Today I’m going to take a giant leap into a place I don’t take you very often. My “real” life and passions.
Since becoming the “Barefoot Blogger” it seems I’ve created a fantasy person. Sometimes I don’t recognise her myself. Here in Barefoot Blogger’s world, life is beautiful. Travel, fun and friends. Yes, that’s all true. What isn’t revealed, though, is the fact that living in Europe has opened my heart and mind in more ways imaginable: empathy, love and fear. Having never lived in a country that, for centuries, was under siege of war, I now see the ravages of war around me. I hear the stories. I acknowledge the pain. While I feel quite safe and content in my little “tower” in Uzes, I’m connected to the world through the same means of communications as you are. Along with the many good things, awful things are happening around us. Unimaginable things.
That’s why I am sharing my visit to Oradour with you — a village that won’t appear in travel magazines — but it is important. I stopped there on the way back from the Loire Valley. By writing this post about Oradour, I want to remind myself and you, my friends, that history seems to repeat itself … if we allow it.
Back in time
On June 6, 1944 Operation Neptune, known as the “D-Day”, took place on the French beaches of Normandy beginning the liberation of German-occupied northwestern Europe. While the Allies had a foothold in Europe that would lead to the end of the War, the invasion set madness into motion in other parts of France. Oradour-sur-Glane, a small town near Limoges suffered one of the worse examples of the brutality of the German Army.
Here is an account of the events:
“On 10 June, Diekmann’s battalion sealed off Oradour-sur-Glane and ordered all the inhabitants – and anyone who happened to be in or near the town – to assemble in the village square to have their identity papers examined. The SS also arrested six people who did not live in the village but merely happened to be riding their bicycles through there when the SS unit arrived.
The women and children were locked in the church and the village was looted. The men were led to six barns and sheds, where machine guns were already in place.
According to a survivor’s account, the SS men then began shooting, aiming for their legs. When victims were unable to move, the Nazis covered them with fuel and set the barns on fire. Only six men managed to escape. One of them was later seen walking down a road and was shot dead. In all, 190 Frenchmen died.
The SS men next proceeded to the church and placed an incendiary device beside it. When it was ignited, women and children tried to escape through the doors and windows, only to be met with machine-gun fire. 247 women and 205 children died in the brutal attack. The only survivor was 47-year-old Marguerite Rouffanche. She escaped through a rear sacristy window, followed by a young woman and child. All three were shot, two of them fatally. Rouffanche crawled to some pea bushes and remained hidden overnight until she was found and rescued the next morning. About twenty villagers had fled Oradour-sur-Glane as soon as the SS unit had appeared. That night, the village was partially razed.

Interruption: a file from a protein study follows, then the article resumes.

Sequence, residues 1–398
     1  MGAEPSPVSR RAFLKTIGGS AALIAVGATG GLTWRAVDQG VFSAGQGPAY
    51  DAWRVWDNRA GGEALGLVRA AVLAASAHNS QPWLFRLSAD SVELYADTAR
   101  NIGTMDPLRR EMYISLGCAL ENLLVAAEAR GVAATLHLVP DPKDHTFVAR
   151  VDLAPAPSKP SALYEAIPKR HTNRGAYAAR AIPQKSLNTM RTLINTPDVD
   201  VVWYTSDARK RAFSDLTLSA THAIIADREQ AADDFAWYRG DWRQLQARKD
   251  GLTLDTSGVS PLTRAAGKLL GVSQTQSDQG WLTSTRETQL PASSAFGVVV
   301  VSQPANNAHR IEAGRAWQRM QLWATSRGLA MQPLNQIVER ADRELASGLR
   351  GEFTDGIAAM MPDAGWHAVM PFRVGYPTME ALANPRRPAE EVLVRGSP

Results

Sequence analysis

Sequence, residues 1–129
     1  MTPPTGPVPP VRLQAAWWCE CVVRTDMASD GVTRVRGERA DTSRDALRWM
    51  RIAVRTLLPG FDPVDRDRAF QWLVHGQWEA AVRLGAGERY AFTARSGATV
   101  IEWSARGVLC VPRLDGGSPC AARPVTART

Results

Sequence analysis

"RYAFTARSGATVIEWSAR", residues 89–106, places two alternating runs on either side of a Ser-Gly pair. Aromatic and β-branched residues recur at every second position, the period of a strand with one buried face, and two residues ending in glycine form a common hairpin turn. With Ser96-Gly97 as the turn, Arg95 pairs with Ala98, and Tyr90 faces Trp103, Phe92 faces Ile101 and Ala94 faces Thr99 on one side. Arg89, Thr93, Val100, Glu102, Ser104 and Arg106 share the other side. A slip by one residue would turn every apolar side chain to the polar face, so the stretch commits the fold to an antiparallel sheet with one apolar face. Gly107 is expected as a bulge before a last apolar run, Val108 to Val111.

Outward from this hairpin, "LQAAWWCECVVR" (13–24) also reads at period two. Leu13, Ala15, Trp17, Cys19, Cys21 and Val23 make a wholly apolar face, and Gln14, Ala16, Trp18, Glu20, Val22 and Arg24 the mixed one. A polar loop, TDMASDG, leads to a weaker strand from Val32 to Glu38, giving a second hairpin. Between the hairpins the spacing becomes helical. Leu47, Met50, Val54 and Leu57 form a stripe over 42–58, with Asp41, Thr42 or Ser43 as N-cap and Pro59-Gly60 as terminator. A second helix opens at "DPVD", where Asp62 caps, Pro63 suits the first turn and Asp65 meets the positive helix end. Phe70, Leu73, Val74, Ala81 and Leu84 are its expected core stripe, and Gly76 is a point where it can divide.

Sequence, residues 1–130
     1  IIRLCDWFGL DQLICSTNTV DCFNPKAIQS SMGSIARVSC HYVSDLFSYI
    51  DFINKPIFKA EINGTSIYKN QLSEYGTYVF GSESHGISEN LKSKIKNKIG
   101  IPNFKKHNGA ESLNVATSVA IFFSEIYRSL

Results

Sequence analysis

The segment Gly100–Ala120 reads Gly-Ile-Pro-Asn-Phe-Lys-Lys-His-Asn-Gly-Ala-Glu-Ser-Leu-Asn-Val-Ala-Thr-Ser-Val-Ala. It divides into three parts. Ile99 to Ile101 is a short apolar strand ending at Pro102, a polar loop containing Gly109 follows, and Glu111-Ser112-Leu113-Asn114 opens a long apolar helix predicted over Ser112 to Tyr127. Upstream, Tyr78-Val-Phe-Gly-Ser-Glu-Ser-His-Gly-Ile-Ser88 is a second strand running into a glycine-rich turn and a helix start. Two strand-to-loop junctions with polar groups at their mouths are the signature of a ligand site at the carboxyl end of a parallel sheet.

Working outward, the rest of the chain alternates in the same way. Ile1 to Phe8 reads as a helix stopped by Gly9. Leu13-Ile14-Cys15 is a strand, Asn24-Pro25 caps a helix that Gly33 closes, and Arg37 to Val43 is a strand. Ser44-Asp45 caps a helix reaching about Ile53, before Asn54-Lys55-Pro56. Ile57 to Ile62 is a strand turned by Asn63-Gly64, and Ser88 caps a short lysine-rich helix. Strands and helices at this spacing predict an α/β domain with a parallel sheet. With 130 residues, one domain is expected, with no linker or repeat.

Several days later, the survivors were allowed to bury the 642 dead inhabitants of Oradour-sur-Glane who had been killed in just a few hours.” (Wikipedia)
General Charles de Gaulle visited the ruined village of Oradour after the war. He declared the village — site of one of the largest massacres in France during World War II — a memorial to the cruelty of the German occupation and deemed that it never should be rebuilt. A new village carrying the name was built after the war northwest of the site. Today a memorial museum stands at the entrance to the martyred village, dedicated by French president Jacques Chirac in 1999.
Down this road, on a summer day in 1944 … The soldiers came. Nobody lives here now. They stayed only a few hours. When they had gone, a community which had lived for a thousand years … was dead.
Excerpt from the British documentary, The World at War, narrated by Laurence Olivier
I literally wept when I reached the ruins of the children’s school and read the names — “Binet” — so similar to my own. Farther down the road, my spirits lifted as I saw a young family in the distance.
Seeing them from behind, I found myself running up to stop them in the road. It was a sunny, holiday weekend. Here was a family visiting Oradour when others would be at Disneyland. I had to find out why they were there. The lovely young woman told me her family had been among those who died during the massacre. Her grandmother brought her to Oradour when she was the age of her children. She wanted them to see the same, to feel the same, to remember the past.